That’s not a very principled stand.

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  2. Barry

    I agree with Patrick, Ken Block is not the issue though we should thank for him for his efforts to publicize the issue, and there is absolutely nothing wrong with him also trying to call attention to the Moderate party in so doing.   Its not just Ken,  all concerned with good government including Common Cause, OCG, the Sec of State, Abel Collins,  etc etc  My involvement is familiarity with the confusion it caused when I was a Board of Elections employee going to nursing homes to help people vote.  Lets get it done and get this issue behind us.

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  3. jasonpbecker

    For any policy in the set of “good policy” there exists some people who will benefit from that policy and some who will not.
    It does not follow that support from those who would benefit from any particular good “policy” renders that policy “bad” policy.
    All the talk of motives and the nature of what benefits and other possible benefits (or lack thereof) of other policies is obfuscation. Unless there is serious dispute that this policy is a “good” policy, you’re politicizing in the worst way. In fact, the politicization of this issue and borderline ad hominem attacks on Ken Block has only made it more likely he will be the recipient of even greater benefit than he would have if the policy just past with the broad base of good government suport that exists for the change.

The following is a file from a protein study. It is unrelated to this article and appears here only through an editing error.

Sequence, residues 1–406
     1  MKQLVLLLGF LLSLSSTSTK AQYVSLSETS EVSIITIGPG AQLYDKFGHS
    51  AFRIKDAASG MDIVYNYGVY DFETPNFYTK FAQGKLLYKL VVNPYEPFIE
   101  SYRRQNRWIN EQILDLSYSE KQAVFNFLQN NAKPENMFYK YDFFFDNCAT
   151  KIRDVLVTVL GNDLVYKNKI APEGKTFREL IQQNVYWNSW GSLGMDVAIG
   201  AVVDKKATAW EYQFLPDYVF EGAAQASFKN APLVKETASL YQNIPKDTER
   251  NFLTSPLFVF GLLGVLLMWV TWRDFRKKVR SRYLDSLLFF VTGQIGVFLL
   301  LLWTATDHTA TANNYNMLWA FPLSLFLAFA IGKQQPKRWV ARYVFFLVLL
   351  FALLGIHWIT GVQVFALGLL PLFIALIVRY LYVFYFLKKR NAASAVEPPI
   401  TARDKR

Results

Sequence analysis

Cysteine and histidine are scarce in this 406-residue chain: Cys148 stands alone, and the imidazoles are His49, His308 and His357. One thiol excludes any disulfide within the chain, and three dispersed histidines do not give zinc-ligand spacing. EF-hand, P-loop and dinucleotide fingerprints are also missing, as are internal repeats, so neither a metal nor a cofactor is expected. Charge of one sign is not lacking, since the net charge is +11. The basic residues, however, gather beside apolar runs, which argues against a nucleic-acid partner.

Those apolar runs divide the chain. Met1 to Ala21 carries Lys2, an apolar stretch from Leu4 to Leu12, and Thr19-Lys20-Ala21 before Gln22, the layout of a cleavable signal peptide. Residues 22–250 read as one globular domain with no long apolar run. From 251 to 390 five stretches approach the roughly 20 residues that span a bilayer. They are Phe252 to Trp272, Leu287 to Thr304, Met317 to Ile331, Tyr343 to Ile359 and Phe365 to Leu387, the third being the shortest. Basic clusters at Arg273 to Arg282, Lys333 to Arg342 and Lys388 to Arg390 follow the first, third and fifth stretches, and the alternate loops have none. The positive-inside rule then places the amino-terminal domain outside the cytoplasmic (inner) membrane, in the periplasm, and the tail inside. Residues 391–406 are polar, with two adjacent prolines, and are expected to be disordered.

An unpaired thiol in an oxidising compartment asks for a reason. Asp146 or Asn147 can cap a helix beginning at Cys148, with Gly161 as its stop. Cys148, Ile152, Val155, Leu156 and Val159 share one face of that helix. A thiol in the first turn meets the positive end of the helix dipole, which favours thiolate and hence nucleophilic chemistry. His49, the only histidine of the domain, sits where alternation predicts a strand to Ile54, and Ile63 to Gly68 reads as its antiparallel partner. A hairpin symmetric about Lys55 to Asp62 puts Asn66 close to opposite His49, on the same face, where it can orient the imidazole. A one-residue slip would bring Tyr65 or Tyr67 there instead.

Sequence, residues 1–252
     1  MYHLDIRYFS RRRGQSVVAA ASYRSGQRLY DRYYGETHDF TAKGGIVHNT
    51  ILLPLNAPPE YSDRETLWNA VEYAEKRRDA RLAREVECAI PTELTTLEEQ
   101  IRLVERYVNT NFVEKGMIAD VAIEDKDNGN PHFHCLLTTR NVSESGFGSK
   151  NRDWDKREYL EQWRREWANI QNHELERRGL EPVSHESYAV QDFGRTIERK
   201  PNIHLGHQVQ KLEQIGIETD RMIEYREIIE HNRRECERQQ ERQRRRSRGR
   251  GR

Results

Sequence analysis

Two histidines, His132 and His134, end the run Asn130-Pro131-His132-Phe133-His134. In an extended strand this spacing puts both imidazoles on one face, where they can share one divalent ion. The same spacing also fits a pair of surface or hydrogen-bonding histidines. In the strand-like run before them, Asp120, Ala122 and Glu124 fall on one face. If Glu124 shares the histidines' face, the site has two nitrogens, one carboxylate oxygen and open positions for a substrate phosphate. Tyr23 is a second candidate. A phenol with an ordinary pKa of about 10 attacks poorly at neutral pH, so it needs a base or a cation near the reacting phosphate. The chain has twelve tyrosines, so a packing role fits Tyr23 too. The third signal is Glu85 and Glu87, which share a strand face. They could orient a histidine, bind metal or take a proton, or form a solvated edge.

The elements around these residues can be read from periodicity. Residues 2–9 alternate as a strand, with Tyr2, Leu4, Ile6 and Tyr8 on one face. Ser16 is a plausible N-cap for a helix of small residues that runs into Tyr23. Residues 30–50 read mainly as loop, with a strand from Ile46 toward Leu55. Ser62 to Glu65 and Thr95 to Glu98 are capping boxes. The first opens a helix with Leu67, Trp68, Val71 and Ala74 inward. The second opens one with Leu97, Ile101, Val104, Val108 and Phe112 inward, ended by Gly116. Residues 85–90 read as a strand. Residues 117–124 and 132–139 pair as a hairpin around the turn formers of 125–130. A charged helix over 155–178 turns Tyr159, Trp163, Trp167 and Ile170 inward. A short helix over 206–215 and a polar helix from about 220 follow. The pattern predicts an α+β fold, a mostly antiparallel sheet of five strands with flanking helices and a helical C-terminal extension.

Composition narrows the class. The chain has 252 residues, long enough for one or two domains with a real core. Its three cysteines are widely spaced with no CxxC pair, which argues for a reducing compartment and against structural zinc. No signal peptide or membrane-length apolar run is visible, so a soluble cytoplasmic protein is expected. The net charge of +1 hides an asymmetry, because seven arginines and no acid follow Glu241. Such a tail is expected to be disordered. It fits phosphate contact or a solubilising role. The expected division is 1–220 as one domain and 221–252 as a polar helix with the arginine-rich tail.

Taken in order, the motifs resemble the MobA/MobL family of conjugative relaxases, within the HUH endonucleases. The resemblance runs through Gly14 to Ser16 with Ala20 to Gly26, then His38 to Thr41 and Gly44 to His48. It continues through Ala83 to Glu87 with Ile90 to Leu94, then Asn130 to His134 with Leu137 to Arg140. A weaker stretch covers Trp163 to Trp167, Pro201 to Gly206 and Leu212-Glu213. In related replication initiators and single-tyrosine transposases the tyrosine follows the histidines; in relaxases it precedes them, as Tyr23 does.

This whole debate about Ken Block instead of the master lever makes the Rhode Island progressive community look guilty as the US Congress at placing petty politicking over pretty mundane, reasonable policy issues.

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  4. Moderate

    The hypocrisy of ideologically driven policy
    Samuel G. Howard makes the case that although the Master Lever “produced confusion for voters over the age of 75, less educated voters, and black voters” that the RI General Assembly should not eliminate the Master Lever at this time because I (Ken Block) am a primary advocate (but far from the ONLY advocate) for the effort to eliminate the Master Lever.
    Mr. Howard is prepared to continue confusing and disenfranchising a constituency that the Progressive movement is dedicated to helping because someone that he is not ideologically in synch with is a proponent of ending this disenfranchisement.
    It is this kind of partisan and ideologically driven public policy that brings us the dysfunction that infests Washington DC today.
    This hypocrisy should in no way cause a continuation of the electoral harm that disadvantaged voters experience courtesy of the flawed design of the Rhode Island ballot.
    Howard’s petty vindictiveness and juvenile logic is exactly what Rhode Island does not need when trying to address the large set of problems currently facing our state.